Reykjavik Pools

When thinking about swimming in Iceland the blue lagoon is first thing that comes to mind for many visitors.

What many visitors do not realise is that basically all pools are geothermal, also in Reykjavik. So if you want to safe some money and time you can visit one or more of them. Most pools not only offer the possibility to swim but also hot pots and steam baths. The hot pots are usually available in multiple temperatures and an important part of social life in Iceland. Many people go swimming in the morning and afterwards they sit in the hot pot ( or „heitur pottur“ as we say in Icelandic) and talk to each other. Before showering and getting ready for work. It is believed that this also is good for your immune system and an attempt to explain how Icelanders stay healthy especially during the dark and cold winters.

The biggest pool in Reykjavik is Laugardalslaug where you can stop during the Hop on Hop off. It is located in Laugardalur valley where you also find the national Stadium and the Zoo. It has two 50 meter pools of Olympic measures ( one of them being inside and almost exclusively used for completions. The large public prefers the outside pool even in winter. This is not only because of the geothermal hot water but also because the floor has been recently been equipped with heating. Apart from that you find slides and a steam bath. And which is not very typically Icelandic two beach volleyball courts have been installed and theoretically are open all summer. On sunny days you may forget that you are close to the polar circle but think you are somewhere by the Mediterranean. There is also a flat hot pot which is very popular during hot days for sun bathing. After swimming you may be hungry. This is perfect since right outside the pool you find a hot dog stand where you can get the typical Icelandic "pylsa" ( sausage, which refers to the hot dog as a whole).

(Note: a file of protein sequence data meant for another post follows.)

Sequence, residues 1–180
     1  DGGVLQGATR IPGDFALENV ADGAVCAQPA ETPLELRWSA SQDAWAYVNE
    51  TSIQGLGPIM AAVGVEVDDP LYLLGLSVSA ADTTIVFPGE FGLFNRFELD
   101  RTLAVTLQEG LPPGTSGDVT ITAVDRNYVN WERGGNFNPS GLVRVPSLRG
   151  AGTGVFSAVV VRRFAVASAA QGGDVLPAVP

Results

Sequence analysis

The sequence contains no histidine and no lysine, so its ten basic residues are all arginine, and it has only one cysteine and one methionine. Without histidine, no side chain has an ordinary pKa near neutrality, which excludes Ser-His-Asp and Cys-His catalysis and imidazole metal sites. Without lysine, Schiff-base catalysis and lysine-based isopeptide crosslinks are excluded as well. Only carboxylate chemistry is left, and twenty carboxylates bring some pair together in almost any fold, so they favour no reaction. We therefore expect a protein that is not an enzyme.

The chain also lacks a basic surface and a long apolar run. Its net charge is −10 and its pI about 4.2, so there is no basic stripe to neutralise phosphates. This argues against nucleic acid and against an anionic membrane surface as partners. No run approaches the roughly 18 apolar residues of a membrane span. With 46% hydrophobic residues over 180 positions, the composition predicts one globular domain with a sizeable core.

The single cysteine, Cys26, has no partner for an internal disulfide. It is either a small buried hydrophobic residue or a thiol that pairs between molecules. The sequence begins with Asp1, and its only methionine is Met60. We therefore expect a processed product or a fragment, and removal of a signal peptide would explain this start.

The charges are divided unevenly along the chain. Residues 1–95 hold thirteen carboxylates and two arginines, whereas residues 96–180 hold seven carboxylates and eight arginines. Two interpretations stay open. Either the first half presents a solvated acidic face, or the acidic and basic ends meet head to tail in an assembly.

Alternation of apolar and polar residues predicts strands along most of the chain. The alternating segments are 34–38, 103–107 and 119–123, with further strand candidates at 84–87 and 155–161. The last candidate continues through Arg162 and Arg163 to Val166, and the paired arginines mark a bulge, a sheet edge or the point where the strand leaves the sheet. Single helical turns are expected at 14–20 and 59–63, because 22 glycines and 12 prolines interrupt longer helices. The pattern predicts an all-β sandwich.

One important thing to keep in mind is the etiquette which may surprise some guests. It is mandatory to shower naked before entering the pool and to ensure that people use soap there is free soap in most showers. Swimming hats are not mandatory but optional. You will also find free swimming aids for kids, just return them before leaving again. There are shower guards who implement the rules and also have an eye to make sure everybody is dry before getting back to their locker. This prevents wet socks since the locker and dressing area is supposed to stay dry.


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